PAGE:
TSB Set to Roll-Out Iris Scanning for App Users
UK bank TSB is set to become the first in Europe to roll-out iris recognition capabilities to customers, allowing them to log-in to its mobile app.
The high street lender claimed the process would be quick and easy, but initially would only be available to those with Samsung Galaxy S8 smartphones.
After an initial iris scan to register the user’s biometrics, all a user has to do to unlock access to the banking app is look into the camera.
"It takes advantage of 266 different characteristics, compared with 40 for fingerprints," the bank’s CIO, Carlos Abarca, told the BBC.
"It's extremely fast – it takes less than a second to get in – and the gesture is very natural. And you don't have to remember secret numbers or passwords."
However, security concerns have already been raised about Samsung’s iris recognition technology.
Back in May, researchers at the Chaos Computer Club (CCC) revealed how the biometric authentication system could be fooled simply by taking a digital photo of the target’s eye, printing it out and placing a contact lens on top to simulate the curvature of the eyeball.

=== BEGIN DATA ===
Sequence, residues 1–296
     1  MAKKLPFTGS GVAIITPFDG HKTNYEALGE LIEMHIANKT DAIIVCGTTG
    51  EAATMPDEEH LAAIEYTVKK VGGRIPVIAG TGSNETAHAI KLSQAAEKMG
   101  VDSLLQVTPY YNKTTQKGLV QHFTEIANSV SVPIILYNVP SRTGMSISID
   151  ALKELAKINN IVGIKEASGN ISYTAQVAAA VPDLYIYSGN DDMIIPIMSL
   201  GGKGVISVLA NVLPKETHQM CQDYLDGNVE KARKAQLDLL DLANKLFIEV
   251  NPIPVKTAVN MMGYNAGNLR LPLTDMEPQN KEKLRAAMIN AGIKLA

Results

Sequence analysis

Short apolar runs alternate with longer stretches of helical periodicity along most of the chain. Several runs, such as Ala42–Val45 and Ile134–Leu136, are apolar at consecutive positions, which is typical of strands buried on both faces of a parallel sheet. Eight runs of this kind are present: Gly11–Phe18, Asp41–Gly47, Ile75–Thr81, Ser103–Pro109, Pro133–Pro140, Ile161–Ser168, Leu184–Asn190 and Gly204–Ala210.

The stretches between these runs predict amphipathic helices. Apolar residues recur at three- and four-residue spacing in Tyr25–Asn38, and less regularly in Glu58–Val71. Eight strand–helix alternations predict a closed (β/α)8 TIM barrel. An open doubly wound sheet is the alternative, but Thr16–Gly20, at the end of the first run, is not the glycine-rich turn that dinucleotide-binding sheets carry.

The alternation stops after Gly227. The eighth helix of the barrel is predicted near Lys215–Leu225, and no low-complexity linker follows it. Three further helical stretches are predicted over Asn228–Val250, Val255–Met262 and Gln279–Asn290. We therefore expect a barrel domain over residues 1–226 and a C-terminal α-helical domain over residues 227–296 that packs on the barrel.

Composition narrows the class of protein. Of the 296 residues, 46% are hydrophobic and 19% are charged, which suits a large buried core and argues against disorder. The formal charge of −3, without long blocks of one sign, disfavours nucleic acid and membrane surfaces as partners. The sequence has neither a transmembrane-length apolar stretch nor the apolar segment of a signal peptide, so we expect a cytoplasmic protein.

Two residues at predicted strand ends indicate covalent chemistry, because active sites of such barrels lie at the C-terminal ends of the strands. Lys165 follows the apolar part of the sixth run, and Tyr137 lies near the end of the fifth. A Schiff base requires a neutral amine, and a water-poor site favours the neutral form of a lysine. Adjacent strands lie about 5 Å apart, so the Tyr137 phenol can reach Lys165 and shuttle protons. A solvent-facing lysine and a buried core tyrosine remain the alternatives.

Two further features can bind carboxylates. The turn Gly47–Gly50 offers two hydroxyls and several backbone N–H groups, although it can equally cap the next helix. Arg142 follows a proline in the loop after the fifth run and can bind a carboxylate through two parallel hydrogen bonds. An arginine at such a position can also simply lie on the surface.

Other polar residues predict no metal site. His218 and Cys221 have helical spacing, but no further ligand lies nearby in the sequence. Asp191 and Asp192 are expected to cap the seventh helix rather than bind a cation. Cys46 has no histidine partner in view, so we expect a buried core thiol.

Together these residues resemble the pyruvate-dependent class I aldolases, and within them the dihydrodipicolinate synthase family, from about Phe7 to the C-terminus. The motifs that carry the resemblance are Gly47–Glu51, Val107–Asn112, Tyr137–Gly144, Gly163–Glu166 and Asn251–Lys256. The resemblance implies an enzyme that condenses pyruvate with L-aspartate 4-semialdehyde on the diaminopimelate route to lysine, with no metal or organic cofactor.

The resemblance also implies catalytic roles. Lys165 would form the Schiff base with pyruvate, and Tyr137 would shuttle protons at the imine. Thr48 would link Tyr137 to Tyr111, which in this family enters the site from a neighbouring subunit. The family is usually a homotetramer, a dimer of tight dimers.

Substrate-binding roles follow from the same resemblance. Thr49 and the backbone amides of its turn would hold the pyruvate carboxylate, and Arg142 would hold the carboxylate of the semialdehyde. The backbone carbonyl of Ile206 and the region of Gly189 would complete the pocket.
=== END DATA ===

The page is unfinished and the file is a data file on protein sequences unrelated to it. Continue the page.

The best results were obtained using the night mode setting. CCC claimed a good camera with a 200mm lens at a distance of up to five meters would do the job.
Other systems, such as Apple’s Touch ID fingerprint scanning technology, are already gaining popularity as a quick and easy way for users to log-in to accounts and devices.
However, the balance between security and usability is a tricky one to get right and critics of biometric authentication argue that, unlike passwords, it’s difficult to force a reset once a hacker has cracked the system – because the user can’t change their iris pattern or fingerprint.
Richard Parris, CEO of Intercede, argued that biometrics shouldn’t be relied upon as the sole means of verifying a user’s identity.
“Rather than use biometrics in isolation, instead businesses need to be looking at strong authentication that incorporates three distinct elements – possession (something you have, such as a smartphone), knowledge (something you know, such as a PIN) and inherence (something you are, an iris scan),” he said in an emailed statement.
“This allows businesses to verify that the person accessing the service is who they say they are, in addition to limiting the amount of times an individual can attempt access if any of these elements are missing or incorrect.”
Source: Information Security Magazine